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The Clown Mensch of White Plains (Part One)

Clown-Mensch-in-Training Club Med, April 1993

Clown-Mensch-in-Training
Club Med, April 1993

It’s time to write about The Play Group Theatre. PGT is a youth drama program in White Plains, NY. But it’s much, much more than that. PGT is a place – a safe place – where young people can spend portions of their teenage lives being challenged, being accepted, being respected, and being loved. It is a place – a much-needed place – where kids can safely do the hard work of growing into young adulthood. That PGT happens to produce shows is and is not a coincidence, because it’s run by Jill and Steven Abusch who love the theater. But they love kids even more. We consider Jill and Steven our sons’ second set of parents (which makes Jeff Downing, who directs many of PGT’s shows and much, much more, their favorite uncle). Aviva and Ilana may be Jill’s and Steven’s children by birth, but the hundreds of other young people who are lucky enough to find their way to whatever building PGT happens to occupy at the time, they too benefit from the love and wisdom these remarkably talented and caring people have to offer.

Here’s the rundown on Jonah Maccabee’s years at PGT.

Jonah had already done a bit of theater prior to Play Group. Back in the spring of 2002, he made his 6th grade theatrical debut as a gumshoe in Ardsley Middle School’s production of Teens in Tinseltown. In the spring of 2003, he appeared in Ardsley Middle School’s Joseph and the Amazing Technicolor Dreamcoat. But in the summer of 2003, he got his big break, playing Danny Zuko in Grease at Eisner Camp. In Jonah’s own words (from an eighth grade English assignment), his favorite memory from Grease:

The play went perfectly until the final scene. Danny was trying to convince Sandy to talk to him. He was just finishing his line as Sandy was supposed to walk onto the stage. But she didn’t. I had said, “You know, you guys mean a lot to me, but Sandy does too. And I’m gonna do whatever I can to get her back.” That’s when Sandy was supposed to walk on. Thinking quickly, I spat out, “I kinda wish she were here right now.” The audience started laughing. That was when Sandy came on and finished the play. That was close.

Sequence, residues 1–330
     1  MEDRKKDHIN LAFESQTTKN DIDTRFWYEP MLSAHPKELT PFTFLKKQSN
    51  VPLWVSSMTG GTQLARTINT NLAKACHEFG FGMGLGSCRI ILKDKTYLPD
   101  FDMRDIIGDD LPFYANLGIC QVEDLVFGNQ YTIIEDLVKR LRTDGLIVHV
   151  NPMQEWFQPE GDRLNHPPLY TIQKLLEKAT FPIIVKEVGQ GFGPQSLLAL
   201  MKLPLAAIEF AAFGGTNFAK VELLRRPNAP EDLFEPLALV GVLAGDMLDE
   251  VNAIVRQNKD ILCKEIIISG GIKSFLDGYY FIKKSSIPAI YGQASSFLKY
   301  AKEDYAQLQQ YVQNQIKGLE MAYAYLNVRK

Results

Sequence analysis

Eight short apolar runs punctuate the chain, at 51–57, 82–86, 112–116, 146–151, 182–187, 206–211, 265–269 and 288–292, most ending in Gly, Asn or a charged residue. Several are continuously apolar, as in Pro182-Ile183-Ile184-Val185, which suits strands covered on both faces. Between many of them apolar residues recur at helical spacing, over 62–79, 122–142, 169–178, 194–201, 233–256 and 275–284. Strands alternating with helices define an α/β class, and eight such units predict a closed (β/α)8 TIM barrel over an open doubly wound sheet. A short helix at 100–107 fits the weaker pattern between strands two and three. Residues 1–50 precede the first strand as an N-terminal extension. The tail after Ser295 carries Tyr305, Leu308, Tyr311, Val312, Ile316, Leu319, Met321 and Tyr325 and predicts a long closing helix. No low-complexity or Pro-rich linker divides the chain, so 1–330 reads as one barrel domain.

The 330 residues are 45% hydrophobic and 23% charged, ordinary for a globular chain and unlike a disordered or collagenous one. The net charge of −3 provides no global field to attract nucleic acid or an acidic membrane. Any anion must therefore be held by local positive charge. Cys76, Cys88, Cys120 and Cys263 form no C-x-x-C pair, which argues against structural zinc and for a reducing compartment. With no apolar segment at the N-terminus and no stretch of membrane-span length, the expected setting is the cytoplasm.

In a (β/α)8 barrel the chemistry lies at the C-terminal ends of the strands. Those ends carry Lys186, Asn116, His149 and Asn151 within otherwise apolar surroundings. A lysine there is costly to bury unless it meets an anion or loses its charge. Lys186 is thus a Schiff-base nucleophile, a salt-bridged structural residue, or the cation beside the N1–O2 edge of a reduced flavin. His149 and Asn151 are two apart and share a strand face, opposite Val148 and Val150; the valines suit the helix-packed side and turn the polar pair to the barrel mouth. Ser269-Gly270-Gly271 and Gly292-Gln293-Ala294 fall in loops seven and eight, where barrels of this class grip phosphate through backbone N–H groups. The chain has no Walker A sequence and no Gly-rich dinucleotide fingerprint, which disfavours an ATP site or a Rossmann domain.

None of these early performances were among Jonah’s best. No one was knocking on his door asking him to audition (not even PGT), but he must have enjoyed the shows a lot, because when the chance came along to give PGT a try, Jonah didn’t hesitate.

PGT's “Lucky Stiff” May 2004

PGT’s “Lucky Stiff”
May 2004

In the spring of 2004, Jonah (who was 14 and in the 8th grade) somehow arrived at PGT (the facts are shrouded in mystery but Ellen and I are pretty sure that Yoni Bronstein had something to do with it). JoJo’s first PGT show was a comic murder-mystery entitled Lucky Stiff. He played a number of small roles in the musical, my favorite being the emcee of a night club in Monte Carlo where he welcomed the evening’s guests by suavely crooning (or attempting to) with a French accent. Once again, it wasn’t an especially peak moment in Jonah’s theater history, but that boy was awfully cute! And the experience must have been sufficiently satisfying to him, because he showed up again at PGT the following fall (of 2004) and got himself cast in a strange little musical called The Hadleyburg Project. I remember sitting in the balcony of the Irvington Town Theater wondering, “What is this?” And, “Well, I guess this is what dads do for their kids.” But despite my ignorant attitude of what PGT was all about, Jonah got it, and he never missed a rehearsal and he immediately asked to sign up for the 2nd half of the year.